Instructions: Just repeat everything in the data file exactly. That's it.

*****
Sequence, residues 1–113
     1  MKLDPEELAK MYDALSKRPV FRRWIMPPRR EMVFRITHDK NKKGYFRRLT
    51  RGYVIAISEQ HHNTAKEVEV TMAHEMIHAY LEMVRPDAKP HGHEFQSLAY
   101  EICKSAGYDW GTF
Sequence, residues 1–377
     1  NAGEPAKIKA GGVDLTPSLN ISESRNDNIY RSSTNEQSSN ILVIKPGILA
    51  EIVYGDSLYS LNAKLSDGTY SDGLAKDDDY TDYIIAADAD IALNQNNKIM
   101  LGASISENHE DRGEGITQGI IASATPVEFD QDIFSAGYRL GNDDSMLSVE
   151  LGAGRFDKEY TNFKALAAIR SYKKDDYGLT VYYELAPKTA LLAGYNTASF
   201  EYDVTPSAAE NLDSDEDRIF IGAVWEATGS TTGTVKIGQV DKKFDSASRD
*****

Sequence, residues 1–113
     1  MKLDPEELAK MYDALSKRPV FRRWIMPPRR EMVFRITHDK NKKGYFRRLT
    51  RGYVIAISEQ HHNTAKEVEV TMAHEMIHAY LEMVRPDAKP HGHEFQSLAY
   101  EICKSAGYDW GTF
Sequence, residues 1–377
     1  NAGEPAKIKA GGVDLTPSLN ISESRNDNIY RSSTNEQSSN ILVIKPGILA
    51  EIVYGDSLYS LNAKLSDGTY SDGLAKDDDY TDYIIAADAD IALNQNNKIM
   101  LGASISENHE DRGEGITQGI IASATPVEFD QDIFSAGYRL GNDDSMLSVE
   151  LGAGRFDKEY TNFKALAAIR SYKKDDYGLT VYYELAPKTA LLAGYNTASF
   201  EYDVTPSAAE NLDSDEDRIF IGAVWEATGS TTGTVKIGQV DKKFDSASRD